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Or imagine Miquela Sousa, otherwise known as “Lil Miquela,” who is billed as a Brazilian model and musician but a fictional creation of an agency. She isn’t real, but she is a legitimate celebrity, with more than a million followers on Instagram and on other social networks. It’s not hard to see the trend line. Eventually, we’ll regularly interact with a variety of digital impostors, composites of characteristics that may be designed to our individual preferences, with synthesized personalities.
We will all have the ability to easily create puppets out of any person or object or voice, using deep learning methods.
For instance, methods presented by Stanford researchers at the computer graphics conference SIGGRAPH this year show just how good puppeteering characters from video inputs already is.
Generative adversarial networks make it possible to create incredibly difficult to discern puppets from any video. Some people have put this to use to re-animate world leaders to say what they wish; others have used the technology to create pornography “deep fakes,” as the result of these methods are now termed.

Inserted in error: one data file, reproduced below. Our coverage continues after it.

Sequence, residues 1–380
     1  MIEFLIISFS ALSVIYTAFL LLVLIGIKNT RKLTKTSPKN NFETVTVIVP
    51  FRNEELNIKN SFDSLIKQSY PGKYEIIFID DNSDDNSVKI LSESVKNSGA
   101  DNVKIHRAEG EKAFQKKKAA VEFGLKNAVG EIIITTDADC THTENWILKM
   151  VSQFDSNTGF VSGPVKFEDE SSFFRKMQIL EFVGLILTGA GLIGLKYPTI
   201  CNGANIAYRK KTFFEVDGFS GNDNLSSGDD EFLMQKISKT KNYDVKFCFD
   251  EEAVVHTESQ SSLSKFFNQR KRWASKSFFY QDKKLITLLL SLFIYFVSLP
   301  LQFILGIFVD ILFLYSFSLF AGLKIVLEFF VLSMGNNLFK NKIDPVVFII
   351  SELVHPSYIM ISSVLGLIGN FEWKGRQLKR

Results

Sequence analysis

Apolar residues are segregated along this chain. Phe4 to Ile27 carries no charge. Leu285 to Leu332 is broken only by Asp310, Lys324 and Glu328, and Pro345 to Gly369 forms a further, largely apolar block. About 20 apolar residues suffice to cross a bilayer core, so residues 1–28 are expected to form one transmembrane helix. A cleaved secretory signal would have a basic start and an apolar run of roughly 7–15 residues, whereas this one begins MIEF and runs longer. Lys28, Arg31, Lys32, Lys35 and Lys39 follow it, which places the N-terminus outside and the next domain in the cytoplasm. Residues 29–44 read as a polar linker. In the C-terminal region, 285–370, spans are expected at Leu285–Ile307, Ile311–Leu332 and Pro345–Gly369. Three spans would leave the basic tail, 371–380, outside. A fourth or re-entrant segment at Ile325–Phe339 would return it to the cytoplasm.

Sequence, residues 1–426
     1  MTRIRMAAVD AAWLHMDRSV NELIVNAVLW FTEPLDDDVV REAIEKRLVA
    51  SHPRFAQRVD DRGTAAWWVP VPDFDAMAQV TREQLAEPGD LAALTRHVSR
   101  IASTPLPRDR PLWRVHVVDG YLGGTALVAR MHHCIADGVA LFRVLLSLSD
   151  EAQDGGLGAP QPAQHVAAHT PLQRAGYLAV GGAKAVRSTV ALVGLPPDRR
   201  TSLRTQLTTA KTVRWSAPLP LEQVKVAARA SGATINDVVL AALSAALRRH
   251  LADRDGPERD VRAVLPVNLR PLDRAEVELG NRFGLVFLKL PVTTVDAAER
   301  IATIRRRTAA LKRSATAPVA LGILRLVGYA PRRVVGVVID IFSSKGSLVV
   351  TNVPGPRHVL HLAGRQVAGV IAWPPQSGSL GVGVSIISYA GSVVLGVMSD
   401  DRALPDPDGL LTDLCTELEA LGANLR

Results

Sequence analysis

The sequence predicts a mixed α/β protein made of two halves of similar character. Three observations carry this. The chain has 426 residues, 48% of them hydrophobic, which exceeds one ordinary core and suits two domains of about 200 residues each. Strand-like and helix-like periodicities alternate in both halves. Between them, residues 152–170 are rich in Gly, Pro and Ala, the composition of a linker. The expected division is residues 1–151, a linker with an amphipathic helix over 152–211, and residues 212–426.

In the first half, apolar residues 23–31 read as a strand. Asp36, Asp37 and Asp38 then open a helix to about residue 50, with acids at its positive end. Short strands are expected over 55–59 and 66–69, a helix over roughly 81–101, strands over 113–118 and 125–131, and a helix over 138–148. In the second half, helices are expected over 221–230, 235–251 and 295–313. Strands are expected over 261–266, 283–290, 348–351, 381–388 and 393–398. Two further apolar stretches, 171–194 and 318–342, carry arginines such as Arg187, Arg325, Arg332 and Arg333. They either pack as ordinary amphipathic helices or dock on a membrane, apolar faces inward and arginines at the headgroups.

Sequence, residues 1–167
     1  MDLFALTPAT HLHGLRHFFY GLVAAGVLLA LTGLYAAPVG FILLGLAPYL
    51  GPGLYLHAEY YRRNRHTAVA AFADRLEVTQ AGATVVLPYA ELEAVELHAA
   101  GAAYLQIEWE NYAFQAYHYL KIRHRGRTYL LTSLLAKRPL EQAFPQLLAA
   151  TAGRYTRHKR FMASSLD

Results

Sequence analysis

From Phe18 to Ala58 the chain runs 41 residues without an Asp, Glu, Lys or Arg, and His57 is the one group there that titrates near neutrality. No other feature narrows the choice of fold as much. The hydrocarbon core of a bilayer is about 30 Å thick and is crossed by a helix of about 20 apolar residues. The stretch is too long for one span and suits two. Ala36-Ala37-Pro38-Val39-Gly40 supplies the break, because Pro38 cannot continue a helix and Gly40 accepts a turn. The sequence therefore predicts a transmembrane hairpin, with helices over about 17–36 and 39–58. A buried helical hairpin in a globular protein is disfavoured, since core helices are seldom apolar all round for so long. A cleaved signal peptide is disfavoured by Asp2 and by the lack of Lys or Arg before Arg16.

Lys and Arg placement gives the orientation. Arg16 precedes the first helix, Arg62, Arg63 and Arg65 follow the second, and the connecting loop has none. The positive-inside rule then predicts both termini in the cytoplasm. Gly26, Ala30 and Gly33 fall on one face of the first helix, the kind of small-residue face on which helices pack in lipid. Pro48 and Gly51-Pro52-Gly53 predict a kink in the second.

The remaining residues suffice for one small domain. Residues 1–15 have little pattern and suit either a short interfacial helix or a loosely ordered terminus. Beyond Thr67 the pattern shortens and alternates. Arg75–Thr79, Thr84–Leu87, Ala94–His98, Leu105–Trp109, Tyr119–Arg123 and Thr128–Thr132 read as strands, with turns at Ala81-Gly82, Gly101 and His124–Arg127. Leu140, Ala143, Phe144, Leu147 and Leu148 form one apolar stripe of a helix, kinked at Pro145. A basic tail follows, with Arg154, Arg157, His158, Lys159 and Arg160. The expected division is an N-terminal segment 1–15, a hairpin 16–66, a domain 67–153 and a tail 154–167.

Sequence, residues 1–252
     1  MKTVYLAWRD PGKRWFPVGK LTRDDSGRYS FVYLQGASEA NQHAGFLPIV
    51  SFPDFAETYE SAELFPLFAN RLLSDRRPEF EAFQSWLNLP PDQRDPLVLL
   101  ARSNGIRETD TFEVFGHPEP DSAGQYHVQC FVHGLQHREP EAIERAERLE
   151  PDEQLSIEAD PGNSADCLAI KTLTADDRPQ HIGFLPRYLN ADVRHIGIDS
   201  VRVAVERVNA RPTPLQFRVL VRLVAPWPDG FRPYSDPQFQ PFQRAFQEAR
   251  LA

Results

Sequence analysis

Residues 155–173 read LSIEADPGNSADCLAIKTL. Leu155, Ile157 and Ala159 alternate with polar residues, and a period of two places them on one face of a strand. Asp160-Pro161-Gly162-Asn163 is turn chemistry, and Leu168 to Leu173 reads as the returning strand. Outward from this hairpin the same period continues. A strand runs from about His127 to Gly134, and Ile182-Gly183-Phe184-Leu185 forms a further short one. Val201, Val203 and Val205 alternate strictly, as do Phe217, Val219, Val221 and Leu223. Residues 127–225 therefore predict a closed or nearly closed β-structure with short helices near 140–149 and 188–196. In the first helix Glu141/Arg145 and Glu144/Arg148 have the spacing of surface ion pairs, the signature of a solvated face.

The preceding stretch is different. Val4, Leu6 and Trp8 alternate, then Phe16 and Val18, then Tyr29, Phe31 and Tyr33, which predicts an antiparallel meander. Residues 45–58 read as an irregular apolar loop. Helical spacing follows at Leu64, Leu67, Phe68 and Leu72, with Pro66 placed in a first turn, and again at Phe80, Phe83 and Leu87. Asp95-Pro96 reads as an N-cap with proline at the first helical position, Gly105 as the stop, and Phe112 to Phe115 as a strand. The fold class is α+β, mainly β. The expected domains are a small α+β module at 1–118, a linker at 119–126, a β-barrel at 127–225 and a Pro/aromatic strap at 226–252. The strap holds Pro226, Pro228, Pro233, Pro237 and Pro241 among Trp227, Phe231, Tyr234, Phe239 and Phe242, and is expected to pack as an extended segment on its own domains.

More mundane applications of the technology are slowly creeping into consumer applications. Try Mug Life, which will let you turn any photo into interesting 3D animated models.
Security experts fear the blurring of the line between what is real and what is synthesized, of the spread of hoaxes and lies. But these technologies will also create new means for expression, new tools to create art, and new ways to engage people.
We will have to find a balance.
Fiddling with reality